In Shandong Province, sons have been traditionally prized more than daughters. In this creative graduation photo, 36 female students pose with their only male classmate at Liaocheng University in Liaocheng, East China's Shandong Province. (Photo: IC)
Twenty-eight-year-old Qin Chun is the only boy in his family. He has five older sisters, with a 22-year gap between him and the eldest.
Qin comes from a small village in Heze, East China's Shandong Province, and his birth fulfilled his father's persistent wishes to have a son.
Over the years, Qin has been the center of his family, which made huge sacrifices for him. His two sisters even dropped out of school so that the family could pool their resources to send him to college.
"If my father had not insisted on having a boy, my sisters might have lived a happier life. I feel ashamed for their sacrifice and grateful for their tolerance. Now the only thing I can do is to compensate them as best as I possibly can," Qin told the Global Times.
In rural Shandong, many parents consider their son as the family's backbone and pin great hopes on him to carry on the family lineage. Couples who have no sons may consider adopting their relatives' children. The sin or indignity of not having a son may even motivate some couples to buy a boy from human traffickers, which created a market for baby boy sales.
Not enough girls
According to a report published by The Beijing News on June 30, police in Feixian county, Shandong have arrested 11 suspects from Shandong and Shanxi provinces for trafficking children in June 2017.
The report said Li Yunsheng, from Chahe village in Feixian county, had bought six baby boys from Liu Wenhui and another woman who live in Daixian county, Shanxi. He then sold the babies to six people and earned 28,000 yuan ($4,224).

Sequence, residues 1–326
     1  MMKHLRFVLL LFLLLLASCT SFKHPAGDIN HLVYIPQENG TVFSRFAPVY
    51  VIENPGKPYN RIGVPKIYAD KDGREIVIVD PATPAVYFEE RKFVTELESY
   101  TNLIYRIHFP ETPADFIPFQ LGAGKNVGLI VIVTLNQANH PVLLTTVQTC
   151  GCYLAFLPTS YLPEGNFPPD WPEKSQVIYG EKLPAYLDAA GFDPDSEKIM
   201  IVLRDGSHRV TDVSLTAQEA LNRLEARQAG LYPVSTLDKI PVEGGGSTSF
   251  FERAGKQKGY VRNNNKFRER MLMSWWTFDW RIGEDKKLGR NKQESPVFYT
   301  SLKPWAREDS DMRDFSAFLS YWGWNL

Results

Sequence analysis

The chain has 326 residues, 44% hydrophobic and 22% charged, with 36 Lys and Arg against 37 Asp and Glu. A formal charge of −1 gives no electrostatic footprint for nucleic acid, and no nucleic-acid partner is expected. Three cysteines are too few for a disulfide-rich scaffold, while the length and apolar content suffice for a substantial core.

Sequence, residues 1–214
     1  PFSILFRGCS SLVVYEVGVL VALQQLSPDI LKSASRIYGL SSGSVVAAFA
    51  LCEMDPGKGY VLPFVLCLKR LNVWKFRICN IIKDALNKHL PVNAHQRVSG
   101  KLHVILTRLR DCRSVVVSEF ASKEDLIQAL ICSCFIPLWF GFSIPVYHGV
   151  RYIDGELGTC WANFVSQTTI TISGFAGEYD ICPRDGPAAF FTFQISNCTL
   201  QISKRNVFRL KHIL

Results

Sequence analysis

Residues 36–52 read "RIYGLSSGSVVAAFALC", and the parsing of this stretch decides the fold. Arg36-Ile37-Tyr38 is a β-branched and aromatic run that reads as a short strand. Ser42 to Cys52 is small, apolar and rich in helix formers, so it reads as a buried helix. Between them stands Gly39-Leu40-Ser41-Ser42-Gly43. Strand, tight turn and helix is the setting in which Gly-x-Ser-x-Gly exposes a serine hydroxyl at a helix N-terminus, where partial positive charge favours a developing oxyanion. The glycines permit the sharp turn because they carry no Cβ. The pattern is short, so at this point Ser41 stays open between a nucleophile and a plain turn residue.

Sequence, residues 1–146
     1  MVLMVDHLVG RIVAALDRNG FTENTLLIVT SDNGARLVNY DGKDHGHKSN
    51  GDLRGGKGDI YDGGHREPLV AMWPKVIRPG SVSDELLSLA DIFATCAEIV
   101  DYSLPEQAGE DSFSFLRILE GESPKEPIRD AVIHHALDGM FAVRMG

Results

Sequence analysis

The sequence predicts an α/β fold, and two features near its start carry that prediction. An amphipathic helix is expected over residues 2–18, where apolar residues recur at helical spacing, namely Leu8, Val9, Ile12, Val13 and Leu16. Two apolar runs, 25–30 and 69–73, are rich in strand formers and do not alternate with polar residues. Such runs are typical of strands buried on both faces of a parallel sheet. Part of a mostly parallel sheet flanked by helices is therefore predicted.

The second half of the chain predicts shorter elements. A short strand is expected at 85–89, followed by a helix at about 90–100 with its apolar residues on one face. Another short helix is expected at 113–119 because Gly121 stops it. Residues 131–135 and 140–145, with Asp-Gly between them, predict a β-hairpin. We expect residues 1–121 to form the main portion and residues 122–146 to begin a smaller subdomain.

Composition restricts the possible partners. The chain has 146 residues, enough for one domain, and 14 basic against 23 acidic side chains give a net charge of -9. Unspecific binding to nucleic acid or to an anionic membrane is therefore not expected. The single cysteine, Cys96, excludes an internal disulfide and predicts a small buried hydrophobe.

The report said that early in 2014, the People's Court of Feixian County publicized 11 cases of child abductions involving 23 children, mostly from Sichuan and Shanxi provinces.
A villager from Daixian county told the reporter that human traffickers had "collected" children here 30 years ago and sold them to Shandong. "Those who gave birth to children but could not afford to or did not want to raise them would sell their babies at the price of 40,000 to 50,000 yuan each," said the villager.
Experts said it is hard to eradicate child abduction unless the traditional preferences for sons in rural areas change.
Guo Shuqing, then Shandong provincial governor, said in a 2015 work report that the sex ratio imbalance was very serious with some places exceeding 120 boys to 100 girls. An insider even disclosed to the Global Times that the situation is much worse in some rural areas, with the ratio reaching 140 boys to 100 girls.
According to the United Nations, the normal sex ratio ranges from 102 to 107 boys for each 100 girls.
However, Yi Fuxian, a research fellow at the University of Wisconsin-Madison and author of the non-fiction book A Big Country in an Empty Nest, noted that Shandong is not the place with the highest sex ratio imbalance. East China's Jiangxi Province ranks first with a ratio of 131:100, followed by Central China's Henan Province at 127:100.
The imbalance will lead to a bachelor crisis, a credit crisis and social instability, said Yi.
Preference for sons
The people of Shandong, the country's second-largest province in terms of population, are known for their patriarchal tradition of preferring sons.
Random interviews conducted by the Global Times of Shandong residents found that it is not unusual that local parents gave birth to many children until they finally get a son. Many of them said frankly that it is a "local custom."
"Some poor families would flee to other provinces [to avoid fines], while rich families solved the problem by paying a large sum of money. Some families even registered their daughter's household information under their relatives' names," a Beijing resident surnamed Shang, 29, from Zibo, Shandong, told the Global Times.
Residents in Shandong have been deeply influenced by Confucius culture, which deems that only a boy can carry on the family line. This has for a long time meant that "it is a sin for women not to give birth to a boy," said Shang.
Another Shandong resident surnamed Geng told the Global Times that previously, in rural villages, women were not allowed to eat with men at the table. But nowadays things have changed.